Since early August the key indexes have essentially been in a 10% or so trading range; the Dow Jones Industrial Average (chart), Nasdaq (chart), S&P 500 (chart) and the Russell 2000 (chart). This has created a variety of entry and exit points for traders depending on the trading style of the individual. This type of market can also create lots of head fakes and headaches should you attempt to time a range bound market. Which leads me to highlight two of the more popular technical indicators that certain market technicians, program trading and even institutional investors utilize, and they are, the Relative Strength Index (RSI) and the Moving Averages. Put simply, the RSI typically indicates whether or not a given index or equity is either overbought or oversold, depending on certain value levels. According to the RSI principle, the 70 value level or greater is an overbought condition and the 30 value or lower is an oversold condition. Pertaining to the moving averages, the 50-day and the more closely gauged 200-day moving average are the key levels that certain market technicians and program traders act on.
In analyzing the four key indices, currently all of them are trading well below their respective 200-day and also below their 50-day moving averages. That said, these levels may act as resistance until the markets can break out of their current range. Furthermore, in looking at the Relative Strength Index, the key indices all appear to be around the 50 level, which is no where near an overbought or oversold condition.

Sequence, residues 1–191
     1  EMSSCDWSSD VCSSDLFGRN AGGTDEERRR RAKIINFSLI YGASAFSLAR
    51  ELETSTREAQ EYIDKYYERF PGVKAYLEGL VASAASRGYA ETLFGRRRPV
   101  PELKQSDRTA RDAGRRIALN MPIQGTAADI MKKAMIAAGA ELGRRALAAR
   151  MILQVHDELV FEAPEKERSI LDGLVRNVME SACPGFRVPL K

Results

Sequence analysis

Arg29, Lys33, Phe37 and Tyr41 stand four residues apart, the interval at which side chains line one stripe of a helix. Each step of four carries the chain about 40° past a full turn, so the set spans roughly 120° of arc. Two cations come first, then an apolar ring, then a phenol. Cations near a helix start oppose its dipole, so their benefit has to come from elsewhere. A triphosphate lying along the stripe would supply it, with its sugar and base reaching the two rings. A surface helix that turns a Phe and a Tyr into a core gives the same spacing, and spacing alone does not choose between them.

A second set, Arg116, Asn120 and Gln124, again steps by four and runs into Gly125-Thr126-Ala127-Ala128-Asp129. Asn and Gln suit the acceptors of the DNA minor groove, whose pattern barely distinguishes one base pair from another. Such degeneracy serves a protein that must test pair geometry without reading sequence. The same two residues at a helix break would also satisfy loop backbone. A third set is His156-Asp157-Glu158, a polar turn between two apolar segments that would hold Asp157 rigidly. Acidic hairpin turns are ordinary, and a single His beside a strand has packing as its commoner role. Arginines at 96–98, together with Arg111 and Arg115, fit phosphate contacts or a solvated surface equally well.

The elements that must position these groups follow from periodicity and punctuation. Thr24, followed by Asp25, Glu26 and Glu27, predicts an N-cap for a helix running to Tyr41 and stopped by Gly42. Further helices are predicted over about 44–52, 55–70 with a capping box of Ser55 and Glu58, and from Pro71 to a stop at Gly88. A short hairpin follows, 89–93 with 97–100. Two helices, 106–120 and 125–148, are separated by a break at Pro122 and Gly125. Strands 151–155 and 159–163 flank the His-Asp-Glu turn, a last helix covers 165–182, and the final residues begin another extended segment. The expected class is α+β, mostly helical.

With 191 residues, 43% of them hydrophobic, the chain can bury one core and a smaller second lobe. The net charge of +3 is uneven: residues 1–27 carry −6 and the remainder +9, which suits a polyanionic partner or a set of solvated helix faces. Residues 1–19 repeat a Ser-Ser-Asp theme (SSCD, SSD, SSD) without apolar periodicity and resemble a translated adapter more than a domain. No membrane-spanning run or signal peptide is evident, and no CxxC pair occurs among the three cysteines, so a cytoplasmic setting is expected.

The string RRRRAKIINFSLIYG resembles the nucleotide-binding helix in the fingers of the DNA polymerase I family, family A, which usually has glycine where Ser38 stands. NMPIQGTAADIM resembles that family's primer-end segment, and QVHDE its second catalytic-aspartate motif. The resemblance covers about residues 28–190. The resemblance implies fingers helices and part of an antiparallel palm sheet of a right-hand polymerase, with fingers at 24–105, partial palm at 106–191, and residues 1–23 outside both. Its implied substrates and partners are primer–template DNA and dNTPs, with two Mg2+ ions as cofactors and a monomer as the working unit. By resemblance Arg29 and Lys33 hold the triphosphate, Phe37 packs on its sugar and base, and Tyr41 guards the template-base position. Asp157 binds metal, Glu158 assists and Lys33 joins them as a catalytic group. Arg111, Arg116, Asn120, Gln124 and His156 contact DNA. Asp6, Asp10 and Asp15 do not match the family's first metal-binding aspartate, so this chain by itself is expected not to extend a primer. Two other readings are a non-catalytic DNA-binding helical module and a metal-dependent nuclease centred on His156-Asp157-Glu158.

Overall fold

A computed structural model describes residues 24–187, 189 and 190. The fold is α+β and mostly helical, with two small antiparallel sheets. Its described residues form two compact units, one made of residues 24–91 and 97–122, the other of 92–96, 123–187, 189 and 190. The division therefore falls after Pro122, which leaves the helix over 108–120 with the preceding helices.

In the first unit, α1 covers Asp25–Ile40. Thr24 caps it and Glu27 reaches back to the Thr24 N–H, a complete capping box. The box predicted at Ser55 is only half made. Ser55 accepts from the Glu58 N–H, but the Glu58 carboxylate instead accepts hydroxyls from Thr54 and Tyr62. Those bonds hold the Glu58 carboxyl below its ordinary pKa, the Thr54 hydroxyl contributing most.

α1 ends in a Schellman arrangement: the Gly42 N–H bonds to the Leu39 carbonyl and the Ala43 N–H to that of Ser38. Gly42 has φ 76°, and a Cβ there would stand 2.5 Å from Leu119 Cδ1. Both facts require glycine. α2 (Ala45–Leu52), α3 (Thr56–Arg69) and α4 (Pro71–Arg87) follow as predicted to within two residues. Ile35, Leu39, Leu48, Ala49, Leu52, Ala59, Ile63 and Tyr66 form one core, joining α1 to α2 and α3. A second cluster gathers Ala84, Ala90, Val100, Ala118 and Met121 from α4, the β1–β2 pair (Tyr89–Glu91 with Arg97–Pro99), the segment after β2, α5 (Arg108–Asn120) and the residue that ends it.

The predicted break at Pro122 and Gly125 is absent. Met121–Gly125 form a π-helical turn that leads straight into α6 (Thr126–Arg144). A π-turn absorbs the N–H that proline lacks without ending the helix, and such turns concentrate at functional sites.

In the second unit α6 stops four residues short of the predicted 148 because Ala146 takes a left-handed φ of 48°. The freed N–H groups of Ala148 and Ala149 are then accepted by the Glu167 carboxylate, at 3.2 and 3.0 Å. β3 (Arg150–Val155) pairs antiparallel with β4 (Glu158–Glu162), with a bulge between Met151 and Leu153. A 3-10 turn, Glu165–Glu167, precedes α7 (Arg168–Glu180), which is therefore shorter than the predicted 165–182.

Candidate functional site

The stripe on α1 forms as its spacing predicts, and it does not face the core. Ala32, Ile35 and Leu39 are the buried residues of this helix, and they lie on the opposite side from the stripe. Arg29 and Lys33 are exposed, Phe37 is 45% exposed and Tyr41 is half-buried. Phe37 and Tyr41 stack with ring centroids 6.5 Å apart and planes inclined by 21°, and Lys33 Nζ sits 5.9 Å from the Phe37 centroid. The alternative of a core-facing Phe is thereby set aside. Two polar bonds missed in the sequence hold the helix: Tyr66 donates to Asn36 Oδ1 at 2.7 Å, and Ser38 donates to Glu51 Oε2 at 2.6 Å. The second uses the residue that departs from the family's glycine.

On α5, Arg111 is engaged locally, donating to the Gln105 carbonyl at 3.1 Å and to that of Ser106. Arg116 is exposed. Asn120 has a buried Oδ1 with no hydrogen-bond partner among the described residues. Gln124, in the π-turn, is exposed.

To sum this up, for me personally in order to act I look for extreme indicators of market conditions, which are not currently present. This could change and most probably will once a market moving catalyst presents itself. What that catalyst will be, time will tell. I suspect that it will come out of Europe or the upcoming 3rd quarter earnings reporting season.
Have a good afternoon.